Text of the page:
Trump’s military is discriminating against people living with HIV now, too

"Deploy or get out" was apparently just a cover for this kind of discrimination.

CREDIT: Getty Images
CREDIT: Getty Images

Two airmen have filed a federal lawsuit against the Defense Department and Defense Secretary James Mattis after learning last month that they would be discharged for their HIV status.

According to the complaint filed by Lambda Legal, both men were diagnosed with HIV in 2017, both immediately began treatment, and both had undetectable viral loads within just a few months. This means that they cannot transmit the virus to others and that there are no implications to their basic health so long as they take a single pill each day. Both wish to continue building their careers in the U.S. Air Force and believe they are deployable.

Earlier this year, Mattis enacted a new policy colloquially known as “deploy or get out,” or DOGO. According to DOGO, any military personnel who are not fit for deployment across the globe for medical reasons must be separated from the armed services. This appears to be the reason the two airmen were discharged over the recommendations of the medical personnel who assessed them.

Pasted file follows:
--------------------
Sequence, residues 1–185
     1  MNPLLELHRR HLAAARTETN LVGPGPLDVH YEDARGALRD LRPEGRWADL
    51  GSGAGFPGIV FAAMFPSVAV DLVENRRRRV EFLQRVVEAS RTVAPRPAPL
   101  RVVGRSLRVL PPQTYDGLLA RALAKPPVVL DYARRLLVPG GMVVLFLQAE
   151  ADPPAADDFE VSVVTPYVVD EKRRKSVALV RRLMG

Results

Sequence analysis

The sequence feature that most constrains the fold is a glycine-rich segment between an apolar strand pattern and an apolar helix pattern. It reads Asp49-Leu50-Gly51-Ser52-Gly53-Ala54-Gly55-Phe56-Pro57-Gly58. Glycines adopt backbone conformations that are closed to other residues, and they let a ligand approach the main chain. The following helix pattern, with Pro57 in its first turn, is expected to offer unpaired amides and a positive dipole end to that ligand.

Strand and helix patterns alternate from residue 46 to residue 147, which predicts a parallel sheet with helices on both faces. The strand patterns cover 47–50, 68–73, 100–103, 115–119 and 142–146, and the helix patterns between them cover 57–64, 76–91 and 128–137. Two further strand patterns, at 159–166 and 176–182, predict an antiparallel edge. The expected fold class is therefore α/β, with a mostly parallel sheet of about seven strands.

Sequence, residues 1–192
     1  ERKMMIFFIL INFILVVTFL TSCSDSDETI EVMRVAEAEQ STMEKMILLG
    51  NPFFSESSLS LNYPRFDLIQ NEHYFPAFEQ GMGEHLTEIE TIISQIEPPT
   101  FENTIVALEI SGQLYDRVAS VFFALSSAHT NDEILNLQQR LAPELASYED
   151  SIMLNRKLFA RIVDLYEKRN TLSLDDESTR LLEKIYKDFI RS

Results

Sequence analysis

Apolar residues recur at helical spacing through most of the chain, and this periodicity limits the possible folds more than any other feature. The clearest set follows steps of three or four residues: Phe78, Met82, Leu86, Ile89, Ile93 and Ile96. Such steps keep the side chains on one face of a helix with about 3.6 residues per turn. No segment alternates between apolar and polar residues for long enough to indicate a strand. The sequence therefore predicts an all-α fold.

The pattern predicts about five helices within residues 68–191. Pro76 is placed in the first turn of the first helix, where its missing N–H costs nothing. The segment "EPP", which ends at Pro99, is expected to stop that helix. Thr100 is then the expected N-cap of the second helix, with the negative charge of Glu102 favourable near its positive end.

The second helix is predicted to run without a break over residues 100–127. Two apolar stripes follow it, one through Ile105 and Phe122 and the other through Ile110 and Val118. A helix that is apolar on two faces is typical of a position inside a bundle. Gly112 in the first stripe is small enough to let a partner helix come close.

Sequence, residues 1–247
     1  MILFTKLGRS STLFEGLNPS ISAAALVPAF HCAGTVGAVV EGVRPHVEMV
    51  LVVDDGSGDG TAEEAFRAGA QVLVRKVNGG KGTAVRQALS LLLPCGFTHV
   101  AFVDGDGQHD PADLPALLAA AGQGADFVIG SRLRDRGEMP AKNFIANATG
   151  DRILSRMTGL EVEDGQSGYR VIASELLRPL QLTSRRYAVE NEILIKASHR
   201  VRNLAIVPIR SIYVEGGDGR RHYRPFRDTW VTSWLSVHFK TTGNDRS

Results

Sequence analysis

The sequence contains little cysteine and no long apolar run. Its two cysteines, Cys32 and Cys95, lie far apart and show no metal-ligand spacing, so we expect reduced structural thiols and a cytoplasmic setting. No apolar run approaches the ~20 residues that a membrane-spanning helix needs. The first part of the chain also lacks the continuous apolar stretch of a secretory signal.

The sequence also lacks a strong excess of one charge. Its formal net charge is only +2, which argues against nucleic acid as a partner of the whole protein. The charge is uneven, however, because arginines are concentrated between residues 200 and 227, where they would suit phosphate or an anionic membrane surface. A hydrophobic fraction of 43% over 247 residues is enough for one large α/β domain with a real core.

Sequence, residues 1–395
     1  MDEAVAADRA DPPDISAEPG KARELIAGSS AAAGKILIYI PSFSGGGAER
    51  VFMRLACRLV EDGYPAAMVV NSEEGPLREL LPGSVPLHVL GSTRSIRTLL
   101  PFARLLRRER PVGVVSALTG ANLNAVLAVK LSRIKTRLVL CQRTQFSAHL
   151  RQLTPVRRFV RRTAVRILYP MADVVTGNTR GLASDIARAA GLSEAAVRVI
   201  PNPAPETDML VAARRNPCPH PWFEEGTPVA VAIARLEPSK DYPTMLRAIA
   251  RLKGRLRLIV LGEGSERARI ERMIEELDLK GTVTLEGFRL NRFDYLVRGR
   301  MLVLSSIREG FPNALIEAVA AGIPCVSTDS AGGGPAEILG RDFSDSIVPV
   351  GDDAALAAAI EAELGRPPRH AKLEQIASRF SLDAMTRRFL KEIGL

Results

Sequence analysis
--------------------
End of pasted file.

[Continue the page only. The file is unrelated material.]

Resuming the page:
But as the complaint lays out, DOGO does allow for exceptions, including for those servicemembers categorized as “Deployable with Limitations.” These are individuals who may need additional medical screening or specific approval before they can be deployed. Among the conditions referenced in this exception is HIV. “Therefore,” the complaint points out, “according to Defendants’ own policies, people living with HIV should be classified as ‘Deployable with Limitations’ and not separated.”


The Defense Department “routinely permit[s] similarly situated individuals who do not have HIV, including but not limited to people with comparable chronic, manageable conditions, to deploy worldwide and to continue to serve.”

Likewise, the Air Force’s provisions for testing positive for HIV merely requires yearly testing after treatment, and presumes that they may continue to serve on active duty.

These two airmen are not the first to challenge discharge over their HIV status. Lambda Legal also filed a similar lawsuit back in May on behalf of Sgt. Nick Harrison of the D.C. National Guard, who was denied a medical waiver to become a JAG officer because of HIV status.

Given the violation of the DOGO policy and the fact that as of a year ago, at least 13 airmen living with HIV were serving overseas, the complaint describes these discharges as “arbitrary, capricious, an abuse of discretion, and/or otherwise not in accordance with law.” By singling out the airmen for their HIV status and treating them differently from service members with other manageable chronic conditions, the complaint also alleges a violation of their rights of equal protection under law.


The complaints come just as the Trump administration is pleading with the Supreme Court to circumvent traditional judicial proceedings and allow its ban on transgender military personnel to take effect.

“These anachronistic policies are no longer justified in light of modern medical
science,” the airmen’s complaint explains — a statement true of both discriminatory policies.